WOODBINE: M. Night was one of those producers who was a gracious host. A lot of times, a producer comes on set, you’ll see actors like roaches scurrying back to their trailers. Nobody wants to hang out with the producer. You never know what they’re going to say or what’s going to happen when they come on the set. It was the opposite with M. Night. He set the tone early on because not only did he get everybody together and hang out on a social level, but he also took the time to talk to each one of us individually and say, “This is what I’m looking for.” In my experience, because I don’t know what anybody else’s was, in the conversation we had he said, “Look, you could fake this, you’re a charming guy, you’ve got charisma, you could pretty much walk through this if you want to but if you try that, I’m gonna know and I’m gonna call you on it and that’s not a good thing. I need you to bring your A-game.” I was planning on bringing my A-game anyway, but when you get in a room and it’s just you and M. Night and he tells you to bring your A-game, you’re gonna do it. So that was my interaction with him and it wasn’t out of the ordinary for him to give a call a couple of times throughout the shooting and just be like, “Hey, I’ve been watching the dailies, you’re not being lazy, keep it up.” He was a benevolent dictator.

FANG: Do you feel you’re prone to laziness if not pushed?

WOODBINE: Never, the thing is, only certain directors care enough. You can fool anybody. I’ve worked on some pictures where I didn’t necessarily love the character, I didn’t necessarily love the project as a whole but I had to pay bills and those are the kind of pictures that ultimately, you’re not that crazy about. But when you have a good director who cares about his project, he cares about his project even more than you care about your role, and those are the directors that’ll push you to find those things that you normally wouldn’t. I don’t consider myself lazy. I consider myself very hard working but sometimes a little under challenged. So it takes your Forest Whitaker, or the Hughes Brothers or the Dowdles, or M. Night, or a David Mamet script, or a Taylor Hackford, or the late Ted Demme. Even Michael Bay will bring some stuff out of you if you listen to him. It takes a certain director to pay enough attention because sometimes you don’t even know that you’re taking it easy on yourself. You might think that you’re bringing 100 percent but it takes a director who really cares about his project to look at you and look at his vision and say, “You know what, you’ve got to go deeper.” And I imagine it’s a hard thing for them to do because they’re chasing the light, they’ve got a certain amount of film they can and can’t shoot, but the ones who really care will find a way to get the best performance out of you.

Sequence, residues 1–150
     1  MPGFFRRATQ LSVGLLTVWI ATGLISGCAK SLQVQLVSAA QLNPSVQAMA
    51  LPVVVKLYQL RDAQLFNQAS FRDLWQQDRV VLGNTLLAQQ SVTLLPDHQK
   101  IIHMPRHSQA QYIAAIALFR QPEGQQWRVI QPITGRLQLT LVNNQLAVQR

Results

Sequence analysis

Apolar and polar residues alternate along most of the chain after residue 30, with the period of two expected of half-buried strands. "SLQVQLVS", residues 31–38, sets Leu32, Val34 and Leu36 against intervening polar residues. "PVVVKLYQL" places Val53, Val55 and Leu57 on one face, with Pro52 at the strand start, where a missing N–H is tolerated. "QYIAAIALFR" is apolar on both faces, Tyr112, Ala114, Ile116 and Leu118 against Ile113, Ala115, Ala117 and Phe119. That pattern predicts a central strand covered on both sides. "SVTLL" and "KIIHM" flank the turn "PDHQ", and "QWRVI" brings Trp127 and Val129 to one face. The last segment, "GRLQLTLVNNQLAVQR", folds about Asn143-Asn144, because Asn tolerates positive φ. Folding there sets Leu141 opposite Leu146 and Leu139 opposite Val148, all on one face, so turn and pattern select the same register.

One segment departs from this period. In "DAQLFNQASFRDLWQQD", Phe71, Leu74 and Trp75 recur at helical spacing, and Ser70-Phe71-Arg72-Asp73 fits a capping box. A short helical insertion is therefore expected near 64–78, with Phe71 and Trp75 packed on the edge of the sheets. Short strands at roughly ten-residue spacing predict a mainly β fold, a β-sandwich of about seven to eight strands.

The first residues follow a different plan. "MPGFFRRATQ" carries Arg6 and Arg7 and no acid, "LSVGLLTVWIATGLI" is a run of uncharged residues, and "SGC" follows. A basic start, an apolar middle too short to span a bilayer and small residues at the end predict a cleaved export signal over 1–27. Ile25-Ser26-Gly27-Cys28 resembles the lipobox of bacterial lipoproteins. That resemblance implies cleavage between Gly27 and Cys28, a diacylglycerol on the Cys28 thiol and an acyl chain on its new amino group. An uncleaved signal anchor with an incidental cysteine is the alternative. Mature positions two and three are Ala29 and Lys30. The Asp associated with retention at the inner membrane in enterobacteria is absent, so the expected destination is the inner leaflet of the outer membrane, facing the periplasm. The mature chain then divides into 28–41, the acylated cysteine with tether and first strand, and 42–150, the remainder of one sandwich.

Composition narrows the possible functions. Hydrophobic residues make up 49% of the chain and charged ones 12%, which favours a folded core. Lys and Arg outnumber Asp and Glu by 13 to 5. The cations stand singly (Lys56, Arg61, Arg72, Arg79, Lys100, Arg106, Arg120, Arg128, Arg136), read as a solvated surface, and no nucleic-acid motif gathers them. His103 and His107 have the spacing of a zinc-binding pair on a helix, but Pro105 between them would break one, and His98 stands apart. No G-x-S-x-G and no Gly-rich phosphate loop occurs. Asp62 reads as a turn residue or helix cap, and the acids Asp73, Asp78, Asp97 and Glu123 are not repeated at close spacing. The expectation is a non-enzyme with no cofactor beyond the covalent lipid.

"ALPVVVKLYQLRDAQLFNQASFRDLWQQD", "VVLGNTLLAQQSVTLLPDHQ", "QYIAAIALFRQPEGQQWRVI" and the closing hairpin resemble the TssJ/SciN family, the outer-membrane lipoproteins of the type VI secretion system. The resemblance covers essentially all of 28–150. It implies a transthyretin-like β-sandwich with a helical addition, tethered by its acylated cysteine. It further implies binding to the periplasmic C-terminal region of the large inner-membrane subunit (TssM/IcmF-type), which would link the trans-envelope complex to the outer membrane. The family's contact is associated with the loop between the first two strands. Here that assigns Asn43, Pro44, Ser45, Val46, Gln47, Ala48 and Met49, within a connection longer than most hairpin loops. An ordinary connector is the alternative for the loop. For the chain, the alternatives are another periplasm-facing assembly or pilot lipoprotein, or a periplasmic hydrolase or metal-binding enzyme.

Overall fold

FANG: Did the tension of the film and the tight space ever spill over into real life between you and your co-stars? 

WOODBINE: Man, we all dug each other so much it was disgusting, and they’re going to tell you the same thing. We got along too well. It was gross. There was never any tension, it was more like, I got your back, you got my back and even if there are times when we might be at odds with each other, it never comes into real life. It’s so corny, but we were very caring of one another. Whatever tension exists on screen, as soon as they said cut, it was gone. 

FANG: Currently, Shyamalan’s reputation kind of precedes himself. Are you worried about that hurting the film in any way? 

WOODBINE: I never thought about that to tell you the truth. When you make a picture, it’s going to be what it is. It’s out of my hands at this point. I don’t think it will affect this film negatively because—and I’m not saying this because I’m in it—this is a really dynamite picture. I’ve been in a couple of pictures and this one is really, really good. If anything, anyone who might have something negative to say about Night, they’re going to have to eat their words. I hate to say it, but there’s going to be a lot of people who have to swallow their pride and just give it up because we brought the business with this one.